The US Dollar (USD) is everywhere, ingrained in most countries’ economies in some form or another, and dominating since the end of WWII as the world’s premier reserve currency. So prevalent is USD that the term ‘Dollarization’ was developed to describe the spectrum of ways in which the currency can be integrated by a nation. This can range from USD being the only legal tender of a nation (think Panama, Ecuador), nations using both USD and their own currency as legal tender (Cambodia), and the US Dollar simply being acceptable in private transactions without being officially categorised as legal tender.
The prevalence and relative stability of the US Dollar makes it an attractive investment, but it doesn’t mean the currency isn’t subject to volatility. There are a number of factors that can cause US Dollar movement, and they range from fundamental and technical aspects to market psychology and monetary policy outlook. All of these elements, however, result in the movement of currencies through the central principal of supply and demand.
The foreign exchange market, like all markets, is ruled by the laws of supply and demand. In layman’s terms, supply is the measure of how much of any commodity, service, or currency is available at any particular time, and demand is, of course, how much demand there is for the thing in question. The two are intrinsically linked; in theory, when one increases (or decreases!), the other weakens. In the real world there are numerous other factors that can alter prices without supply and demand having to move in opposite directions. However, supply and demand is the foundational driving force of market movements.
Generally speaking, if supply outstrips demand, the price falls, and vice versa. This simple concept is extremely important, and the impact of all economic reports, political upheavals, etc, can be assessed in the following terms: Will the response from investors to a report, comment or a political/economic/social development, lead to an increase in demand for USD (because investors want to buy it) or a rise in supply (because investors will want to sell it)? The former makes the currency’s value rise, while the latter weakens the US Dollar. As you can imagine, this is somewhat of a self-fulfilling prophecy – the psychology of investors anticipating a rise or fall influences the fluctuation of the currency.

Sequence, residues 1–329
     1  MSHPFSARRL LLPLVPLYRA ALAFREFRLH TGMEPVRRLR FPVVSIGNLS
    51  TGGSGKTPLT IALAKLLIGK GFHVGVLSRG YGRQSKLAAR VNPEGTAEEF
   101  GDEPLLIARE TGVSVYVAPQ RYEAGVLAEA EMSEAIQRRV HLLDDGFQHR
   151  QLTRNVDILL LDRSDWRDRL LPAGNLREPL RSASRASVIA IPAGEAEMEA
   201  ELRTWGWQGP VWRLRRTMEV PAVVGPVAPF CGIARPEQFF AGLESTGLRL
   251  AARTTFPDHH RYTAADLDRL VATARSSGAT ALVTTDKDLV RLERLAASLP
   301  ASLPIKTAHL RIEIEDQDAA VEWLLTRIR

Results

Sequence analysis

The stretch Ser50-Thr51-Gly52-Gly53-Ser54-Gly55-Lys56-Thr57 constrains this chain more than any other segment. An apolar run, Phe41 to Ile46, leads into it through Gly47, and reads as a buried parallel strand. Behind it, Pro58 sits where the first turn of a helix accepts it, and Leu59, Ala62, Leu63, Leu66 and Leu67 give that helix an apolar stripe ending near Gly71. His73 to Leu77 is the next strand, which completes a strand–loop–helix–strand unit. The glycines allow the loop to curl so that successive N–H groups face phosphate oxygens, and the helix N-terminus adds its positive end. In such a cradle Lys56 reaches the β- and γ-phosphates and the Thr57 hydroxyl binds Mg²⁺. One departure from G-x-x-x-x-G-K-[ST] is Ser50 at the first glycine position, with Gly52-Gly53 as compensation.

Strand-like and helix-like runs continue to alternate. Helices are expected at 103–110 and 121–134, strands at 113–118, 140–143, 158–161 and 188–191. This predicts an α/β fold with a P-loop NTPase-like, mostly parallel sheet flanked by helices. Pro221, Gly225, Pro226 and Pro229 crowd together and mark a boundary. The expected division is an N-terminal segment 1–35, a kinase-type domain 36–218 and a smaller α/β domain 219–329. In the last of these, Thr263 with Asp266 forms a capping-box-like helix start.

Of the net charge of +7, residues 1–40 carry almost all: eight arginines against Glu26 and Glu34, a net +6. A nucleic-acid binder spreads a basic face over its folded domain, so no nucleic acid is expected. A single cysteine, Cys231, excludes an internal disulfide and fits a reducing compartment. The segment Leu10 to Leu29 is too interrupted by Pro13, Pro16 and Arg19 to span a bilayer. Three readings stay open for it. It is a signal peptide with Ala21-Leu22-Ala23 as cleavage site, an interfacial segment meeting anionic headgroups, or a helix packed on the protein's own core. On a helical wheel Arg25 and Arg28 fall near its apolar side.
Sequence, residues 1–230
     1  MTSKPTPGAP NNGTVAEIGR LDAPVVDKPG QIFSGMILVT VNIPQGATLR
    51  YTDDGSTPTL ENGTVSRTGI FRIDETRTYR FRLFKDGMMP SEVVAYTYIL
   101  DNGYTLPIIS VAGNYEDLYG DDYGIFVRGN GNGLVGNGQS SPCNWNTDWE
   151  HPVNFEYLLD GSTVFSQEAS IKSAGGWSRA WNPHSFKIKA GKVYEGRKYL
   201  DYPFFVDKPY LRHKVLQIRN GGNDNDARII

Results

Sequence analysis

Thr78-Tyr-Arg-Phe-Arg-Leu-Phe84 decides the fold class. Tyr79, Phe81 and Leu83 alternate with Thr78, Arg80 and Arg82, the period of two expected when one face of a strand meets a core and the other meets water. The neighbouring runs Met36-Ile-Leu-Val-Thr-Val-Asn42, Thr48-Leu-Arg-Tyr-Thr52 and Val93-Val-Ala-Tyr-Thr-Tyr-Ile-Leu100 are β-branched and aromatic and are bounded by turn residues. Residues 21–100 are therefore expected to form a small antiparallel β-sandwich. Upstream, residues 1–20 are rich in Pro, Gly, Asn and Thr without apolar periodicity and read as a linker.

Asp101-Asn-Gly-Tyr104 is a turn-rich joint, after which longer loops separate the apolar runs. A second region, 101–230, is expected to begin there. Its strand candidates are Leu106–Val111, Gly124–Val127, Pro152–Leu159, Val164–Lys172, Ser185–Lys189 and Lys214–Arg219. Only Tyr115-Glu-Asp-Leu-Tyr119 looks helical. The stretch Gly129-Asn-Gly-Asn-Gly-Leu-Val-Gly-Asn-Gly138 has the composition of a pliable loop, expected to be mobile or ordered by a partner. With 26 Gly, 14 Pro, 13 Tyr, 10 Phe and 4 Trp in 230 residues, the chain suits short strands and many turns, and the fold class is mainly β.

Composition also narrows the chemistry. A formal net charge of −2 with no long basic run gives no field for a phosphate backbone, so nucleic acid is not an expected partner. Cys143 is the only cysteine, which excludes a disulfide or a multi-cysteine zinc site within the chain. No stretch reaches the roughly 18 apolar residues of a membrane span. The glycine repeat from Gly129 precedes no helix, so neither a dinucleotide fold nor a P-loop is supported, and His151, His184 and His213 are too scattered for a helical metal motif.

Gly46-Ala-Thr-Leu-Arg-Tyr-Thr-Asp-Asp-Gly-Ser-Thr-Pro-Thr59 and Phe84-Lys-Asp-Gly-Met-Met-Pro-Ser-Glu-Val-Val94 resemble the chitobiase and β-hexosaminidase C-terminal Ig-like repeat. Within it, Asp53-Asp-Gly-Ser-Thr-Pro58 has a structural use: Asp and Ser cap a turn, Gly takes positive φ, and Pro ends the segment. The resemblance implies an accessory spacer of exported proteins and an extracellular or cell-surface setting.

We’re getting into macroeconomics now, but don’t panic. Purchasing power parity (or PPP) is essentially an analysis that compares how much a basket of goods is worth across two countries in relation to the exchange rate. If the goods are priced equivalently across both countries, then the currencies are considered to be in equilibrium – equal bang for your buck. Some traders will monitor currencies in this regard to see if they’re undervalued or overvalued, with undervalued meaning that the currency buys less in goods and services than the one it’s paired with, and vice versa.
One well known example of this is the Big Mac Index by The Economist, which replaces the ‘basket of goods’ with a Big Mac and monitors its price across a range of countries relative to the domestic exchange rate. This is a somewhat simple way of understanding PPP. For instance, if a Big Mac is $3 in America, and £2 in Great Britain, then the currency’s ‘fair value’ should be 1.5 Dollars to the Pound. If the exchange rate is lower than this, however, then investors will make note and potentially base future trading decisions on the possibility that the US Dollar will appreciate in value to correct this discrepancy.
When making currency transfers traders have to decide whether the supply of US Dollars, upon entering the market, will be greater or less than the demand for US Dollars. The best way to do this is to keep a keen eye on the various news items, government statistics and industry reports that are released. This is called ‘fundamental’ analysis, and it provides keen insights into the health of an economy. Typically, economic reports which indicate that an economy is performing well give the domestic currency a boost, while reports which imply it is struggling undermine demand for the domestic currency. Not only are the results themselves important, but forecasts for what the results could be are significant, with expectations often having an impact on currency movement ahead of the data’s release. Here are some of the reports to keep your eye on!